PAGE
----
m_pmfUpdate( pmfUpdate ) {}

    virtual return_t Update( arg1_t arg1 = arg1_t() )
        return (m_pObj->*m_pmfUpdate)( arg1 );

    virtual void SetUpdate( outer_t* pObj, 
                             mfunc_t pmfUpdate )
        m_pObj      = pObj;
        m_pmfUpdate = pmfUpdate;

    outer_t*    m_pObj;
    mfunc_t     m_pmfUpdate;


This is obviously the most interesting class that contains only a few lines of code. It gets two template parameters: The type of the outer class (OUTER) and the subject interface (SUBJECT). The first is needed to declare the pointer-to-member-function type mfunc_t. The latter is used to derive from the actual IObserver interface and to get the appropriate return_t and arg1_t types. The callback function to use can be passed to the constructor, or can be changed later by the SetUpdate() method. Both get two parameters: The instance of an object you want to process the callback and the address of a member function to call. The member function's prototype has to be of the form [virtual] return_t func(arg1_t). (It does not matter if the member function has been declared virtual or not, virtual is not part of a member function's signature.) Whenever the subject calls Update(), the real work is just delegated to the callback. The stored member function's address m_pmfUpdate is called in the context of the stored object m_pObj and passed the given parameter arg1.

The sample application

The sample application is a simple dialog-based MFC app. It implements the example of a weather forecasting system using the above subject and observer classes. It also shows how to use the template parameters to utilize the per-observer attribute by overriding SimpleSubject::NotifyObserver(). The example classes of our weather forecasting are declared and implemented in the file weather_forecast.h. The apps dialog can be used to simulate events like "temperature change" or "power failure" and show that they are propagated to the observing objects.


Design patterns are great for developers and it prevents them from reinventing the wheel and helps them to look at the design on a high level of abstraction. However, even if we do not have to reinvent the wheel, we have to rebuild it each time, because of the existing gap between the reusable design and reusable code. It has been shown that naive implementations usually involve structural dependencies which inhibit their application in real world projects. These (bad) structural dependencies are related to the usage of inheritance. We can solve this problem by replacing inheritance with aggregation and using the delegation technique. In combination with callbacks to member functions this is a very flexible approach that allows us to build pluggable components and generic features without making any assumptions about the environment they are used in.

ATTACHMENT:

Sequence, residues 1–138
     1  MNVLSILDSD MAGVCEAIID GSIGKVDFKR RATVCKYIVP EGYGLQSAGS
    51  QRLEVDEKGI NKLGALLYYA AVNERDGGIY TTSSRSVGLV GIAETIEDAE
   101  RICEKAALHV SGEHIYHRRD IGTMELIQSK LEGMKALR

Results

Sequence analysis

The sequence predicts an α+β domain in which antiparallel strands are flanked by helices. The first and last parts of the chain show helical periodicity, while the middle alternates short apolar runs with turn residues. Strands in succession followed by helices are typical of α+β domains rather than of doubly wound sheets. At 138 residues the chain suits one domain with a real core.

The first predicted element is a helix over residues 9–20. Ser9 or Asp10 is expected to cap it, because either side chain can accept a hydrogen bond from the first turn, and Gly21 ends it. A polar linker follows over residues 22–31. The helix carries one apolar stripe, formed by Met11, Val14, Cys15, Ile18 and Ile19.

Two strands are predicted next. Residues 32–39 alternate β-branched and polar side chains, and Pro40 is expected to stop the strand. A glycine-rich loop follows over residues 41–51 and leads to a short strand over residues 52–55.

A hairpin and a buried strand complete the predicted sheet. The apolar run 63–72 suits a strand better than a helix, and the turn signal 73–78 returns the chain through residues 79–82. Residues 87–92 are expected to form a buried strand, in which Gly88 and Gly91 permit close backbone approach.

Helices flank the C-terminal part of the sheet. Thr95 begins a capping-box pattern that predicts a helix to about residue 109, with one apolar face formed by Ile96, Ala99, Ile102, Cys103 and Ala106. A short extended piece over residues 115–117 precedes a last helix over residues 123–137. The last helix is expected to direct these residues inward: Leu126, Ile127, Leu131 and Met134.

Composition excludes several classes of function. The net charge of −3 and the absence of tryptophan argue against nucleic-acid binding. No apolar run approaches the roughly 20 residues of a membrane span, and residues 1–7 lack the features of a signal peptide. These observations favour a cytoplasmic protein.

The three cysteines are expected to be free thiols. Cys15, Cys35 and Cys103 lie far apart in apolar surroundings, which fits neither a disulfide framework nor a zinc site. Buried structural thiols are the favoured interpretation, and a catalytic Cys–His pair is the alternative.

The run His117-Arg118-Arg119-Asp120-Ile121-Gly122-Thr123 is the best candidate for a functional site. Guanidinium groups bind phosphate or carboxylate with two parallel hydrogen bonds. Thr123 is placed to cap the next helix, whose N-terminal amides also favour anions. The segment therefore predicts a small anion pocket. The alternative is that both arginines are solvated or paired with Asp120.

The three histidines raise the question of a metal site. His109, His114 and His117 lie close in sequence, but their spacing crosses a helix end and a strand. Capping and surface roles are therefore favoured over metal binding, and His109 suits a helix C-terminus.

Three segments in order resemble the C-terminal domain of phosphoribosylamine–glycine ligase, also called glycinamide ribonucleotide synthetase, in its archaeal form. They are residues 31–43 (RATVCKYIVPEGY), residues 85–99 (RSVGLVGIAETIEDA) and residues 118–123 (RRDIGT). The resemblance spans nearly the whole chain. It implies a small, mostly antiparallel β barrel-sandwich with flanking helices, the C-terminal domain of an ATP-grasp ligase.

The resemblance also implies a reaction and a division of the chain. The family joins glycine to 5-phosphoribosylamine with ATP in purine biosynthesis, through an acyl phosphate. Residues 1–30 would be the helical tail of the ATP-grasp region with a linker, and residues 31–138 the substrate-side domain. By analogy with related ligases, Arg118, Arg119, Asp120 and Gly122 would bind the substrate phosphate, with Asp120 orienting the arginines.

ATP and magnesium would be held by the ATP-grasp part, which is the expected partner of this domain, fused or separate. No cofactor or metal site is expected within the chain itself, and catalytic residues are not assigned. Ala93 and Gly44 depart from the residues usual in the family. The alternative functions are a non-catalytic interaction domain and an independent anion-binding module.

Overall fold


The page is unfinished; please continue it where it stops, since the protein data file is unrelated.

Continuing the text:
• [1] Erich Gamma, Richard Helm, Ralph Johnson, Jon Vlissides : "Design Patterns - Elements of Reusable Object-Oriented Software". Addison Wesley, 1995.
  • [2] T. Kulathu Sarma : "Applying Observer Pattern in C++ Applications", 2001.


This article has no explicit license attached to it but may contain usage terms in the article text or the download files themselves. If in doubt please contact the author via the discussion board below.

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About the Author

Daniel Lohmann
Germany Germany
Daniel Lohmann ( is Assistant Professor at the Distributed Systems and Operating Systems department at Friedrich-Alexander-University Erlangen-Nuremberg, Germany. His main research topic is the design of a highly customizable and scalable operating system product line for deeply embedded systems using static configuration and aspect-oriented techniques. Before joining Universität Erlangen he worked as a freelance trainer and consultant for NT system programming, advanced C++ programming and OOA/OOD. He is interested in upcoming programming techniques like aspect-oriented programming, generative programming and C++ meta coding and has written some nice and handy tools for Windows NT which you can download at his web site.

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Comments and Discussions

GeneralRedundant Update cycles Pin
Martin Bohring12-Jun-01 9:17
memberMartin Bohring12-Jun-01 9:17